County should get busy with beaver control


Saddletree residents are asking the county’s help for a gnawing problem that just won’t go away, but so far they are finding no relief. The Robeson County Board of Commissioners, we are convinced, want to help with the beaver problem in that community, but seems stuck and unable to determine what is the best plan.

We have a suggestion: What about an all-of-the above approach?

There is an abundance of beavers in the community building dams that cause flooding, damaging road and bridges, killing trees and rendering productive farmland useless. That standing water this summer will become a breeding ground for mosquitoes, which can carry debilitating and even deadly diseases.

So the problem is not exaggerated — and will only grow without intervention.

On Monday and for a second time, a Saddletree resident stood before the commissioners and suggested that a bounty program that is apparently working in Columbus County be replicated here. In Columbus, the county pays $40 to any person who brings in a dead beaver. There are plenty of people in Robeson County who know how to handle a rifle, enjoy hunting, and probably would appreciate the payday, even if it is modest.

Bo Benton, a wildlife specialist with the U.S. Department of Agriculture’s Beaver Management Assistance Program, isn’t convinced the bounty program is the best approach, saying killing a beaver doesn’t solve the problem of existing dams. That may be true, but a dead beaver isn’t going to construct a new dam.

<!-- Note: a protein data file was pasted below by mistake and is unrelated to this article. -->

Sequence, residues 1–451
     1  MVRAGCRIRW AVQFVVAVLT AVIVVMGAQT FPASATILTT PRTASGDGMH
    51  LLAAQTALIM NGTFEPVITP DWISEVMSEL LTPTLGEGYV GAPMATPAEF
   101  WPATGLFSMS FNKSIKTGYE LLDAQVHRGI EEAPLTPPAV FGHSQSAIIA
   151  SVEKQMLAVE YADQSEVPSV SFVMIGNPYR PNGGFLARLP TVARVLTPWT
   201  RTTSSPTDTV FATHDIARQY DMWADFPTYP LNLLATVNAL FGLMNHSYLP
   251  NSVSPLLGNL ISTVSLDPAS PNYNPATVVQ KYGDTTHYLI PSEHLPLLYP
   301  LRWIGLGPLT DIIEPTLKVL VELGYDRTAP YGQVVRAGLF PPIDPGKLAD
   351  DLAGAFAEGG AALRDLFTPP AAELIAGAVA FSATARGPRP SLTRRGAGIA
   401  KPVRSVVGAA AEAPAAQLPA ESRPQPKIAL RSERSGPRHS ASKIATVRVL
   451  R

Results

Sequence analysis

Robeson County is currently paying $59,000 a year to participate in the Beaver Management Assistance Program, which provides manpower and equipment to remove beavers and destroy dams. Benton said property owners are responsible for service fees of $25 a visit and $125 per dam removed up to 15 visits. After that the cost increases.

On Monday, the idea of the county picking up the bill for residents was floated, but no decision was made.

There was also the suggestion that a committee be formed to look harder for a solution. But we think more action and less talk is in order.

Why not begin a bounty program and see if it can put a significant dent in the beaver population? Benton can continue to relocate or kill beaver and also dismantle dams. The county, if it sees fit, can chip in to defray the costs for property owners.

Monday’s meeting ended without any concrete plan to move forward, only a promise to revisit the situation later in the year when beavers again get busy.

We don’t understand why the wait. All of what has been suggested can be executed now and at very little cost.

It seems to us worth the try.

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